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Obesity and the Economics of Prevention

Fit not Fat

image of Obesity and the Economics of Prevention

Before 1980, rates were generally well below 10%. They have since doubled or tripled in many countries, and in almost half of the OECD, 50% or more of the population is overweight.  A key risk factor for numerous chronic diseases, obesity is a major public health concern.   

This book contributes to evidence-based policy making by exploring multiple dimensions of the obesity problem. It examines the scale and characteristics of the epidemic, the respective roles and influence of market forces and governments, and the impact of interventions. It outlines an economic approach to the prevention of chronic diseases that provides novel insights relative to a more traditional public health approach. 

The analysis was undertaken by the OECD, partly in collaboration with the World Health Organization. The main chapters are complemented by special contributions from health and obesity experts, including Marc Suhrcke, Tim Lobstein, Donald Kenkel and Francesco Branca. 

“a valuable set of results and suggestions about the best preventive interventions to reduce the burden of obesity.”   – Julio Frenk, Dean, Harvard School of Public Health

 

“The positive message of this book is that the obesity epidemic can be successfully addressed.”   – Ala Alwan, Assistant Director-General, World Health Organization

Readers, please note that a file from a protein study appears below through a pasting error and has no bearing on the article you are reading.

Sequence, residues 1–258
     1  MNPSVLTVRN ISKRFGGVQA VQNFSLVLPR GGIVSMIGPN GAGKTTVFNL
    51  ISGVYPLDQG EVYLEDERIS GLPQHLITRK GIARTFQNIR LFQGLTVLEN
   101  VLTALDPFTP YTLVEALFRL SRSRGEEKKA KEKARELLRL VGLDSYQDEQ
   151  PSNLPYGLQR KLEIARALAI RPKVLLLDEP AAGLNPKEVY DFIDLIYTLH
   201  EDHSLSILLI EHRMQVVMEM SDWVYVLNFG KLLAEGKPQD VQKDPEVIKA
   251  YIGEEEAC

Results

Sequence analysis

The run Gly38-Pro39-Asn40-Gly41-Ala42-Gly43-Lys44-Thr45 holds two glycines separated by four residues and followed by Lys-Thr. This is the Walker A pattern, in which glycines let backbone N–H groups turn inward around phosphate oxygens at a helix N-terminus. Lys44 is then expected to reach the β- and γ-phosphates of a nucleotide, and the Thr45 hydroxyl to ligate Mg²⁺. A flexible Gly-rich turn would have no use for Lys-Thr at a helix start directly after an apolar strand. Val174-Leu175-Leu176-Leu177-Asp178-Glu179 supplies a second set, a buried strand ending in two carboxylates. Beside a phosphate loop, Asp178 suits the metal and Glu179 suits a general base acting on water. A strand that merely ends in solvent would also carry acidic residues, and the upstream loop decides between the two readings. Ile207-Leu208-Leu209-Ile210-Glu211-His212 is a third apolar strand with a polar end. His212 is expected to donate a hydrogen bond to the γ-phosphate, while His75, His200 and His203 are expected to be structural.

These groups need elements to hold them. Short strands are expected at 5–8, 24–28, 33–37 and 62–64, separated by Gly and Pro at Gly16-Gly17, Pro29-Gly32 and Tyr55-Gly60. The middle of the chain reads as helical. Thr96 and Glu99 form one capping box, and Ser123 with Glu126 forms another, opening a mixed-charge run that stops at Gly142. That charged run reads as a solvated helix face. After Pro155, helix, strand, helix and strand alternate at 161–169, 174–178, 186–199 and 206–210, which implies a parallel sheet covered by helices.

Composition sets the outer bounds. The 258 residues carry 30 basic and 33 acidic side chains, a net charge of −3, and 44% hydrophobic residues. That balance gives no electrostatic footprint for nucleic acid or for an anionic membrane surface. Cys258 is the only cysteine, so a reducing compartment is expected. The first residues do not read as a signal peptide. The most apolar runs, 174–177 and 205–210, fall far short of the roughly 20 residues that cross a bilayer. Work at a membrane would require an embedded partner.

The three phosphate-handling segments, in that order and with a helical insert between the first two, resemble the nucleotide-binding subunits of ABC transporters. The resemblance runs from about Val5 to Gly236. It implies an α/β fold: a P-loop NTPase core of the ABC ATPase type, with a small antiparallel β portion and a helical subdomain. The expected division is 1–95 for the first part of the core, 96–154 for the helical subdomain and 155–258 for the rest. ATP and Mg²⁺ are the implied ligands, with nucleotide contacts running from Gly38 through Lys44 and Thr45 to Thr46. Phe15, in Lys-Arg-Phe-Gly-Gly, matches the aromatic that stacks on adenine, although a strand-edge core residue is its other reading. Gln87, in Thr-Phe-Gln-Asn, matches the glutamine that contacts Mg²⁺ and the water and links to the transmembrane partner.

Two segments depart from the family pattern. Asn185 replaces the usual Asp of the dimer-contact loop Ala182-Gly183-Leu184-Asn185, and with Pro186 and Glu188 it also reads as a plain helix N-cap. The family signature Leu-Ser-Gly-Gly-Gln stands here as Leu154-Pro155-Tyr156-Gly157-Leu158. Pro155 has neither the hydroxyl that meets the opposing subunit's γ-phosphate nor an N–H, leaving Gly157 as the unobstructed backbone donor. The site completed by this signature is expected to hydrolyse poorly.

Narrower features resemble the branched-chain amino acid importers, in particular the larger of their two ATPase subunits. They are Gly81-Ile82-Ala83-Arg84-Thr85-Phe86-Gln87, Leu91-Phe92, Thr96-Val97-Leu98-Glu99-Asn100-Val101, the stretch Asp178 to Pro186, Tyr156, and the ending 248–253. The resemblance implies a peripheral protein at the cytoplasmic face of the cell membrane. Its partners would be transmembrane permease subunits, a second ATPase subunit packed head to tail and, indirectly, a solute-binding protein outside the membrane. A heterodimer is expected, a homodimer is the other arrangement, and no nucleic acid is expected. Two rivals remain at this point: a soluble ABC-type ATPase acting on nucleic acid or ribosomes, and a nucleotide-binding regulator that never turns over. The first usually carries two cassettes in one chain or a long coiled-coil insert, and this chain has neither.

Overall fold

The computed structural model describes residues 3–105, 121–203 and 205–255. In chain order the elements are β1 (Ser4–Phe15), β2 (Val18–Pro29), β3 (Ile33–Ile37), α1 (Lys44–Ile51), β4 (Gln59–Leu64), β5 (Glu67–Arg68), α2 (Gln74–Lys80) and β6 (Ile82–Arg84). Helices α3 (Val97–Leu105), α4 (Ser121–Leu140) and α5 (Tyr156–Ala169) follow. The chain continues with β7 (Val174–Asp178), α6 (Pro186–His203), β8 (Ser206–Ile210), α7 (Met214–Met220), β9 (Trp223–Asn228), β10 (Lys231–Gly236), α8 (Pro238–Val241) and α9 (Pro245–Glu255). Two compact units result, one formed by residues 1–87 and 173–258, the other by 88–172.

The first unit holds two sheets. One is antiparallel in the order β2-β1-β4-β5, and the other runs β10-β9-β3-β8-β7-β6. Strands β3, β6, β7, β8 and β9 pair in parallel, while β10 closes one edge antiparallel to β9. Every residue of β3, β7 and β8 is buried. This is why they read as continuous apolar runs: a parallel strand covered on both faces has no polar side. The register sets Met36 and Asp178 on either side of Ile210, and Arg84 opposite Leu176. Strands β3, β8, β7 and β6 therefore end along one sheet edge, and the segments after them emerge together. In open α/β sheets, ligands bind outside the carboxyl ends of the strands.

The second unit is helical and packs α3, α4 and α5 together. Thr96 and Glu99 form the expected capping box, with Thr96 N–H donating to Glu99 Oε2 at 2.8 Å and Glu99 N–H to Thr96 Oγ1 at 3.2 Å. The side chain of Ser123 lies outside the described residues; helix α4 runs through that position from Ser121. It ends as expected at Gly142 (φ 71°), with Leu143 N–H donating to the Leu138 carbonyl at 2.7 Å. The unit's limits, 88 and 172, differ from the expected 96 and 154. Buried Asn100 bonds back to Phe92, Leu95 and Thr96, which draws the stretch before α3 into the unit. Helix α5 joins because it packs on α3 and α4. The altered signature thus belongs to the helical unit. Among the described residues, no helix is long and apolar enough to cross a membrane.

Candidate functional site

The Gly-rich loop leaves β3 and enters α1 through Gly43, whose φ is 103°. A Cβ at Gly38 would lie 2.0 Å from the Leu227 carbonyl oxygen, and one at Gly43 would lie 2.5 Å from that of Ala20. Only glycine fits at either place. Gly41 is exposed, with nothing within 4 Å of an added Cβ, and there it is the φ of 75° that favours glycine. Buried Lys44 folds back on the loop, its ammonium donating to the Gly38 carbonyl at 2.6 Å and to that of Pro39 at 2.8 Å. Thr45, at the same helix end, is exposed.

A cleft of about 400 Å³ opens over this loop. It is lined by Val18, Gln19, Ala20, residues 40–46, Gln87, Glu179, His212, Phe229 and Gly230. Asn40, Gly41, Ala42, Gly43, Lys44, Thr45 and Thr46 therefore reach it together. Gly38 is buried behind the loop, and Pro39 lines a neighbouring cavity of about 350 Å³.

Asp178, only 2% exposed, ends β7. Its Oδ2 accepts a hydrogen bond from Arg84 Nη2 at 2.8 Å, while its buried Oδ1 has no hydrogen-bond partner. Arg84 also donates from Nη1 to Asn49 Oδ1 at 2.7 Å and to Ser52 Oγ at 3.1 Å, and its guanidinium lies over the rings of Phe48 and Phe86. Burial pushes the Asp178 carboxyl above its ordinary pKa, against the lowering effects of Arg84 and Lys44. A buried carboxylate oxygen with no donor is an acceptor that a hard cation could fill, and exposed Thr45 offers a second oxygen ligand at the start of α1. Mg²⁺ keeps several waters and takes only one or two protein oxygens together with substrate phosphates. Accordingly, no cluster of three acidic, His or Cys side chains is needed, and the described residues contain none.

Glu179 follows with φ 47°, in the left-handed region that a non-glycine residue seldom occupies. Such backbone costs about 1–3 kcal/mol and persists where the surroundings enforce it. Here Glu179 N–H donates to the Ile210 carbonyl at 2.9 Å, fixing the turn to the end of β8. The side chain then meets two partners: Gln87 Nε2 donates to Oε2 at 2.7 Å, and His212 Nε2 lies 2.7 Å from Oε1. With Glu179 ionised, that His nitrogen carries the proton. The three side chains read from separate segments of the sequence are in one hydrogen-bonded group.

“innovative and well-researched”  – Martin McKee, Professor, London School of Hygiene & Tropical Medicine



"A timely, valuable volume on a critical issue.  Highly recommended."-Choice, July 2011

 

 

 

 

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How Does Obesity Spread?

The obesity epidemic is the result of multiple, complex and interacting dynamics, which have progressively converged to produce lasting changes in people’s lifestyles. Remarkable changes in the supply, availability and prices of food in the second half of the 20th century, in line with major changes in food production technologies and marketing approaches, decreased physical activity at work, and changes in labour markets and conditions heavily influenced lifestyles and contributed to the obesity epidemic. This chapter explores some of the key determinants of health and their role in the obesity epidemic. The question is addressed of whether the changes that fuelled obesity and chronic diseases are simply the outcome of efficient market dynamics, or the effect of market and rationality failures preventing individuals from achieving more desirable outcomes. Social multiplier effects (the clustering and spread of overweight and obesity within households and social networks) are shown to be especially relevant to the formulation of effective policies to tackle obesity.

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